Ellison blasts Microsoft, Gates at Harvard

Oracle CEO Larry Ellison has torn into rival Microsoft during a press session at the Harvard Conference on Internet and Society, calling the software giant's business practices 'patently illegal. Think about it. If you want to build computers, you've got to ask Bill's permission,' Ellison said. 'If Bill wanted to triple the price on Windows, what would you do? You'd pay, you wouldn't have any choice.'

Oracle CEO Larry Ellison has torn into rival Microsoft during a press session at the Harvard Conference on Internet and Society, calling the software giant's business practices "patently illegal."

In the wake of the antitrust lawsuits filed last week by the US Department of Justice and 20 state attorneys general, Ellison gleefully blasted Microsoft and Bill Gates, its chairman and chief executive officer, saying it has "an absolute monopoly."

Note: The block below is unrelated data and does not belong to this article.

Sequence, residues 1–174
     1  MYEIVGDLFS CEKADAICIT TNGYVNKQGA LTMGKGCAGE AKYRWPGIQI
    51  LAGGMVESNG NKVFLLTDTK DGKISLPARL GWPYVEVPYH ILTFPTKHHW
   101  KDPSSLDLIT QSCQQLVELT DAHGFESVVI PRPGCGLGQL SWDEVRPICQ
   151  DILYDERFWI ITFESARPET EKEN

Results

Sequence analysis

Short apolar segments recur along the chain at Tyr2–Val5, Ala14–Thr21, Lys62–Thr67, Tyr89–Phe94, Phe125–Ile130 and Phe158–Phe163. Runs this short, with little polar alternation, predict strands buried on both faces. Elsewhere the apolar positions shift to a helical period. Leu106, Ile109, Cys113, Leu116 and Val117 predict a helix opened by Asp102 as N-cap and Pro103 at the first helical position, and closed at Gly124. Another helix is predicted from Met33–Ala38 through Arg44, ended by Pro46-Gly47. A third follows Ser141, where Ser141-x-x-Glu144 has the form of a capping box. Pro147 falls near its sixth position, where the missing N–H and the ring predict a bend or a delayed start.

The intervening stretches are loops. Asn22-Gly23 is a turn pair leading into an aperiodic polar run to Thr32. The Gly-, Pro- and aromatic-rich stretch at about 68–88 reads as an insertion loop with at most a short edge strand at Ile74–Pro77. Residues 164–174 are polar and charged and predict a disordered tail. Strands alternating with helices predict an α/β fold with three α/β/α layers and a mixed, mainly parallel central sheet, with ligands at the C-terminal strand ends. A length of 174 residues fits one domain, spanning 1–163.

"What Microsoft is doing is patently illegal. Think about it. If you want to build computers, you've got to ask Bill's permission," Ellison said. "If Bill wanted to triple the price on Windows, what would you do? You'd pay, you wouldn't have any choice."

Referring to Microsoft emails submitted by the government as evidence of Microsoft's illegal attempts to dominate the World Wide Web browser market, Ellison said, "It's a simple strategy. You take what you can't sell, you glue it into the operating system, and you raise the price of the operating system."

While Microsoft has said that government intervention in its business will stifle innovation, Ellison scoffed at its claim, saying that most innovation related to browser technology was done by Netscape Communications, and then Microsoft came in to steal the market.

"What they're doing is not the least bit subtle. The result of all the innovation will be bankruptcy for Netscape," he said, adding that Microsoft's business practices are "more blatant than anything [John D.] Rockefeller ever did." Microsoft has chosen to abuse its monopoly position, and the way it has gone after Netscape is proof, Ellison said.

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